HMRC launches consultation on tackling abuse of charity relief
It has identified four areas in which the existing anti-avoidance rules are not working as intended, and says it will work with the sector to explore 'reasonable and proportionate' changes to the rules.
Four separate measures are being considered. The first is to tighten the 'tainted donations' rules intended to prevent donors and connected persons from obtaining a financial benefit from their donation. The rules target situations in which a donation is made to a charity in return for 'connected arrangements' for the donor or where the 'main purpose' of entering into the arrangements is for the donor to receive a financial advantage from the charity.
HMRC considers these rules to be too complex to apply to certain types of abusive behaviour, particularly where the purpose test element is used. Its consultation paper highlights circular arrangements whereby funds are donated to a charity to attract tax relief and are then passed back to the donor or a party that is connected to or controlled by the donor. In the scenarios it cites, the arrangement involves the charity investing the donation either by providing loan finance to the donor or in making an equity investment in an entity controlled by the donor. It says that, in some cases, a donation may be made solely to claim relief, with little real benefit to the charity. HMRC is therefore looking to remove or modify the purpose test or replace the tainted donor rules entirely.
'The focus on investment-related “arrangements” suggests that they may have been a particular area of regulatory interest for HMRC', comments law firm Farrer & Co. 'Charities will also wish to consider whether proposals for reform in this area, particularly the proposal simply to remove [the purpose test], risk creating a chilling effect amongst donors due to a lack of clarity around whether an “arrangement” may be caught by the revised rules and/or challenged by HMRC.'
The second measure being proposed concerns the charitable investment rules. Certain types of investment are currently accepted as 'approved' tax purposes, most of them automatically approved without scrutiny. However, so-called Type 12 investments such as investment loans are required to satisfy an HMRC officer that the investment is made for the benefit of the charity rather than anyone else and not for the avoidance of tax by the charity or any other person. HMRC is suggesting that this test should apply equally to all the other types of 'approved' investment. Instead of being automatically waved through, charities should be prepared to show why such investments are for the benefit of the charity and not for the avoidance of tax, says HMRC. This would make many more investment decisions open to HMRC scrutiny. Charities are likely to need to consider how those decisions are made and the length of time for which records of such decisions should be retained, notes Farrer.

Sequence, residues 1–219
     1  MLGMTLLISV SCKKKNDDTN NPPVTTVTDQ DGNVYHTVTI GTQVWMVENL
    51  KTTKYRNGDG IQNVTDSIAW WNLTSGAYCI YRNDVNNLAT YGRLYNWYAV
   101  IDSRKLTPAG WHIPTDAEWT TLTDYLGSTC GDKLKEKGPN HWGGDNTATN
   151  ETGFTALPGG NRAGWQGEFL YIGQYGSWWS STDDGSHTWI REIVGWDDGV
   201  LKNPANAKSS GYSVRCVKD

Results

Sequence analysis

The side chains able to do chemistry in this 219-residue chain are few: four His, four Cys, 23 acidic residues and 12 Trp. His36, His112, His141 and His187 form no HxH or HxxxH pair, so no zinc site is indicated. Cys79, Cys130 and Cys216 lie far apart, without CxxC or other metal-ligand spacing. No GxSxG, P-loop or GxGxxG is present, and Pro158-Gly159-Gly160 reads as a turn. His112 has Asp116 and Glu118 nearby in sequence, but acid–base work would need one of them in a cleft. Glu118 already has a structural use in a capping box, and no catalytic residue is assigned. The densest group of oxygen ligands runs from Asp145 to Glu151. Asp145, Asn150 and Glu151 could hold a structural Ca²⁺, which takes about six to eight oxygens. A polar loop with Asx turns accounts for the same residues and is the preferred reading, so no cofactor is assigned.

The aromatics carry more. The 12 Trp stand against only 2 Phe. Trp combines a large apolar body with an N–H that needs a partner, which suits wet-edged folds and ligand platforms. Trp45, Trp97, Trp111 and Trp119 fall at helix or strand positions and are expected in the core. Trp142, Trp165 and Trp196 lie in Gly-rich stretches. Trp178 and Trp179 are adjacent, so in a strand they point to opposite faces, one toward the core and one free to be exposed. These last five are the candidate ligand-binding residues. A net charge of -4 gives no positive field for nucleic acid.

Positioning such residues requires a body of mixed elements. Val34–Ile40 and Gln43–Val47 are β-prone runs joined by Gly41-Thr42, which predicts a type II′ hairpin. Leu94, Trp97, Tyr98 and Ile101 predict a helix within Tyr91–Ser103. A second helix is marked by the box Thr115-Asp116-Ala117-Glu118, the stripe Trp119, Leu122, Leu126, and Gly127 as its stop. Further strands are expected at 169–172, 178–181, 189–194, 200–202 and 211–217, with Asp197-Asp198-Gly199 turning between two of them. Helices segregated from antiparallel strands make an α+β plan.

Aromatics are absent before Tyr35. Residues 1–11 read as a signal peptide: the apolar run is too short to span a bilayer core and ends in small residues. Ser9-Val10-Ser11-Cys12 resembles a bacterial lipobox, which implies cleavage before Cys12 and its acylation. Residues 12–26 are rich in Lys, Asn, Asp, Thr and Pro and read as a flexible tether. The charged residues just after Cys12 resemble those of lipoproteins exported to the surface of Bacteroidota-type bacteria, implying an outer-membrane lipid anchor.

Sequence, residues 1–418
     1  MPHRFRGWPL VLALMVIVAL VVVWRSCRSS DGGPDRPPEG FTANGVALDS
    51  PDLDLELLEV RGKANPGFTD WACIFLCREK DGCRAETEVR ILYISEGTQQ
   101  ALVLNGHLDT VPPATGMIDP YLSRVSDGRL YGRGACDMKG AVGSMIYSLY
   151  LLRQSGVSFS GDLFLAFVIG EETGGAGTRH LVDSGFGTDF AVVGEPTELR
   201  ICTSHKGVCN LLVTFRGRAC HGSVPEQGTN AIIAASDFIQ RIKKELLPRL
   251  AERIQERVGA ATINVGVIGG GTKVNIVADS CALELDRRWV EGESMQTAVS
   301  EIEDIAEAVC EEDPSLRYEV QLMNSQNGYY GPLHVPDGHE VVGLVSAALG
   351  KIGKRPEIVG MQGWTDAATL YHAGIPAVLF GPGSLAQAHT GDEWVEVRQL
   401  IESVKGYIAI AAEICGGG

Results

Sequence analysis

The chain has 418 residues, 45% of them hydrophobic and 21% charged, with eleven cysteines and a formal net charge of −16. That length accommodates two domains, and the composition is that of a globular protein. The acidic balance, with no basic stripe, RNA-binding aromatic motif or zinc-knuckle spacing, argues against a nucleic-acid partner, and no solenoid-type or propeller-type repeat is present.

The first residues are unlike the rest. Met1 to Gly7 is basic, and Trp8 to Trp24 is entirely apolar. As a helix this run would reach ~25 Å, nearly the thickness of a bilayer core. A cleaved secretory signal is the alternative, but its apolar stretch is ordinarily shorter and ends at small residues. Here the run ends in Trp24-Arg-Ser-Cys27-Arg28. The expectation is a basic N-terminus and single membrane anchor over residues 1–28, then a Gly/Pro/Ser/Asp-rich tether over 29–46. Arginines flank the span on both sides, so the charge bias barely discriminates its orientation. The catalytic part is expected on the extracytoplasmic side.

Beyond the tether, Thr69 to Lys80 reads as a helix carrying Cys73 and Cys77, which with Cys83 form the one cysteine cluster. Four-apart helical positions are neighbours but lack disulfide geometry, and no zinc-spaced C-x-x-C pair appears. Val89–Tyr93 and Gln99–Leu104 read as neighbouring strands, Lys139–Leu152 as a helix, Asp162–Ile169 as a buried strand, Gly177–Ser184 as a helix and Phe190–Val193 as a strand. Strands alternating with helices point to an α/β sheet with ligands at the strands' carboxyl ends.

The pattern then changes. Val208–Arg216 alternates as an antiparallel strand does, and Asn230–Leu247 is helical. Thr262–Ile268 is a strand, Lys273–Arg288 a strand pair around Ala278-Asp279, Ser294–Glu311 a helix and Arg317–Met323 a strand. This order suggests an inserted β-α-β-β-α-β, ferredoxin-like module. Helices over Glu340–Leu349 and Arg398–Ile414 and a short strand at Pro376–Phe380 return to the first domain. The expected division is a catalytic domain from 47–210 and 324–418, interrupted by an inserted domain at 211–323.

A third proposal relates to HMRC's concern that it cannot always recover tax that charities should pay in connection with non-charitable expenditure that is not in furtherance of its purposes or where rules for overseas payments and charitable investments have not been complied with. HMRC has the right to raise tax charges against the charity's 'attributable income and gains' in such cases, but sometimes the definition of 'attributable income and gains' is not broad enough to recover all the tax due. It therefore wants to expand this definition and to reach back beyond the current six-year period.
The fourth area of review concerns sanctions against charities that do not meet their tax-filing and payment obligations. Currently, charities that fail to submit a tax return when requested to do so can still claim reliefs such as Gift Aid, even if it later emerges that they do not qualify. Some charities are continuing to claim reliefs while in default of the reporting rules, says HMRC, and it wants to be able to withhold Gift Aid payments and other reliefs for such defaulting charities, at least in certain cases.
The consultation closes on 20 July 2023.
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